2 Real Estate Investors Admit Rigging Bids at Foreclosure Auctions

Allison Tussey —  December 18, 2013 — 1 Comment

Florence Fung, Sacramento, California, and Michael Navone, San Rafael, California, two real estate investors, have agreed to plead guilty to their roles in conspiracies to rig bids and commit mail fraud at public real estate foreclosure auctions in Northern California.

Fung and Navone are the 39th and 40th individuals to plead guilty or agree to plead guilty as a result of an ongoing antitrust investigation into bid rigging and fraud at public real estate foreclosure auctions in Northern California.

According to court documents, Fung and Navone conspired with others, for various lengths of time between February 2009 and January 2011, not to bid against one another but instead to designate a winning bidder to obtain selected properties at public real estate foreclosure auctions in San Mateo County. Fung and Navone also were charged with conspiring to use the mail to carry out schemes to fraudulently acquire title to selected properties sold at public auctions, to make and receive payoffs, and to divert money to co-conspirators that would have gone to mortgage holders and others. Navone was also charged with participating in similar conspiracies in San Francisco County beginning as early as October 2009 until about January 2011.

The primary purpose of the conspiracies was to suppress and restrain competition and to conceal payoffs in order to obtain selected real estate offered at San Mateo and San Francisco county public foreclosure auctions at non-competitive prices. When real estate properties are sold at these auctions, the proceeds are used to pay off the mortgage and other debt attached to the property, with remaining proceeds, if any, paid to the homeowner. According to court documents, these conspirators paid and received money that otherwise would have gone to pay off the mortgage and other holders of debt secured by the properties, and, in some cases, the defaulting homeowner.

A violation of the Sherman Act carries a maximum penalty of 10 years in prison and a $1 million fine for individuals. The maximum fine for the Sherman Act charges may be increased to twice the gain derived from the crime or twice the loss suffered by the victims if either amount is greater than $1 million. A count of conspiracy to commit mail fraud carries a maximum sentence of 30 years in prison and a $1 million fine. The government can also seek to forfeit the proceeds earned from participating in the conspiracy to commit mail fraud.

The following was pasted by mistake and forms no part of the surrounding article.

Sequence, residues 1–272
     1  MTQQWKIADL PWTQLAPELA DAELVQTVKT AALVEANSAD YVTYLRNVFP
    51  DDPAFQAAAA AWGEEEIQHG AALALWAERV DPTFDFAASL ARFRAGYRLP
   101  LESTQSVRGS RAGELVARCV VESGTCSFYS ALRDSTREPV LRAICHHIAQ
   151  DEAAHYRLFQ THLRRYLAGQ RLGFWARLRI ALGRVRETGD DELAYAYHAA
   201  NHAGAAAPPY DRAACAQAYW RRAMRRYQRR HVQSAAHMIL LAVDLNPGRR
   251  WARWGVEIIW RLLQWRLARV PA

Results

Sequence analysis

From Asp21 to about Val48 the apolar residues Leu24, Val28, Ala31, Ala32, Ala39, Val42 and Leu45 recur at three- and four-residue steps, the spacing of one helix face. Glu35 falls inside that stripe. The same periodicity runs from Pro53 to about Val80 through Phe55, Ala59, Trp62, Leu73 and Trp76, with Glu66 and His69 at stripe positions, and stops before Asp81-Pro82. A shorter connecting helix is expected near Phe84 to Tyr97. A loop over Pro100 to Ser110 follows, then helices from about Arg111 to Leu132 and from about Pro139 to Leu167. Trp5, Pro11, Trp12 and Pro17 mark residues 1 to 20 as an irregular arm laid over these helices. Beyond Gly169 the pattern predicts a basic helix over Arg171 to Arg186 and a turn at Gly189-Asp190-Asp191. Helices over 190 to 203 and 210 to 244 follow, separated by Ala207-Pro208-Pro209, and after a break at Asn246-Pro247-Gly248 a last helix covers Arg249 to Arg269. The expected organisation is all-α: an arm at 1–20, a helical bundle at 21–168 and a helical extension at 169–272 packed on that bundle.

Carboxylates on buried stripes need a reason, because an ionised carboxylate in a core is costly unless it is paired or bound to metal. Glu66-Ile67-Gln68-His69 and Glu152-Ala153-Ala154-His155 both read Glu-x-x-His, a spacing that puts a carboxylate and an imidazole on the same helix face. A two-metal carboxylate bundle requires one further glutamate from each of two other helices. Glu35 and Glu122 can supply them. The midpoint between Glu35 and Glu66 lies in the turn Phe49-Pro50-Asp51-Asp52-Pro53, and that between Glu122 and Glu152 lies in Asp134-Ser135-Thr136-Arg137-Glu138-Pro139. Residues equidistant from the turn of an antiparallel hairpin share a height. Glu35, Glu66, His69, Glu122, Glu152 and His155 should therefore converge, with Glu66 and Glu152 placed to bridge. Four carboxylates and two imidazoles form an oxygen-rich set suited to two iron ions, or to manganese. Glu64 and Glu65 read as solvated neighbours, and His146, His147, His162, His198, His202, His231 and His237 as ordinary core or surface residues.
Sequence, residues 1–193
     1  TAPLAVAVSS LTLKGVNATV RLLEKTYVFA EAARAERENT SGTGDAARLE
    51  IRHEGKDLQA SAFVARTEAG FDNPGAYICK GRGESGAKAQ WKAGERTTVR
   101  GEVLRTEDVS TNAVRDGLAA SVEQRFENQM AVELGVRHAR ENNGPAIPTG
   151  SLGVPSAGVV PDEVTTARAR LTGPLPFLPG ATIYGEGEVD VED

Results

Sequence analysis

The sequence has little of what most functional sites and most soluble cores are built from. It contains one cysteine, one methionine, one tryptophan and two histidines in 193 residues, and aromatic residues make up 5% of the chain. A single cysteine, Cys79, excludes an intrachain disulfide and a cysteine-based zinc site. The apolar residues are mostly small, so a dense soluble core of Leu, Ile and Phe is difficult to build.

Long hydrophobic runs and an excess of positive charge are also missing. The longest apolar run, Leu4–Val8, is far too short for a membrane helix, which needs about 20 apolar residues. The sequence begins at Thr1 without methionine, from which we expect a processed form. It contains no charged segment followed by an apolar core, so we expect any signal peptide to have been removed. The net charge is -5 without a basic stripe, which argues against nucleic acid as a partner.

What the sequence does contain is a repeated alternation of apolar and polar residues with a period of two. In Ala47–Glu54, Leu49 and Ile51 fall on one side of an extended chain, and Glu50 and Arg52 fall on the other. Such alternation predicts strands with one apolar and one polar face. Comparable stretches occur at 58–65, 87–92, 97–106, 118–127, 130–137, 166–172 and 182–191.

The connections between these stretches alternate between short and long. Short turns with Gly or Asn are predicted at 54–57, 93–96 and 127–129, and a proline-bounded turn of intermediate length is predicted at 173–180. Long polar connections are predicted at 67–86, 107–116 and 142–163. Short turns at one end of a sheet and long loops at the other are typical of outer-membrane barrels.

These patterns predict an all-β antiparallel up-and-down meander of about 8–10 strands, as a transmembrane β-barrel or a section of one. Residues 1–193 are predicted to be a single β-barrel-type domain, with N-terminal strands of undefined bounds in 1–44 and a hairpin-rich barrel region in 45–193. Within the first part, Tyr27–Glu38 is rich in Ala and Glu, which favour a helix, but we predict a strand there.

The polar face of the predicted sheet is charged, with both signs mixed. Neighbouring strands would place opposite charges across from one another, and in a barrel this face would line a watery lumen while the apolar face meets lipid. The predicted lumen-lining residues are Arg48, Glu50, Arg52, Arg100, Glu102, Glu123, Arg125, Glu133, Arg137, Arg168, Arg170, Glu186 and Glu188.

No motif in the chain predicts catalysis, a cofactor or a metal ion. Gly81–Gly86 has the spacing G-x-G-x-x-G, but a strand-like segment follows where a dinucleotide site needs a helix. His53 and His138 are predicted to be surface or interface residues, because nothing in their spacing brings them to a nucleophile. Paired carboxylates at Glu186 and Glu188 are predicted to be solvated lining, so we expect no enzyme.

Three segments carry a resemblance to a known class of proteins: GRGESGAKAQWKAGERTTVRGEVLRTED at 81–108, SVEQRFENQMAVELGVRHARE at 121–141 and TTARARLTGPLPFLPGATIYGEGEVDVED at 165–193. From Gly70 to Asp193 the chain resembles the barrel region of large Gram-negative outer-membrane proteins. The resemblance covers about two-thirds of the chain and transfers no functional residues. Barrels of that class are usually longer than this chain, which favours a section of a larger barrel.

The Department of Justice announced the guilty pleas.

“Instead of competing at real estate foreclosure auctions, the conspirators agreed not to bid against one another and determined among themselves who would submit the winning bid, stifling honest and fair competition,” said Bill Baer, Assistant Attorney General in charge of the Department of Justice’s Antitrust Division. “The Antitrust Division and its partners at the FBI continue to remain committed to holding accountable investors who attempt to subvert the competitiveness of the bidding process.”

“The FBI continues to join the Antitrust Division in holding criminals accountable for bid rigging and fraudulent practices at public real estate foreclosure auctions,” said David J. Johnson, FBI Special Agent in Charge of the San Francisco Field Office. “Anti-competitive practices disrupt a fair marketplace, and the FBI will investigate these types of crimes.”

Allison Tussey

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One response to 2 Real Estate Investors Admit Rigging Bids at Foreclosure Auctions

  1. Oh my God- did the banks lose some money!!! My heart aches for them. Really.

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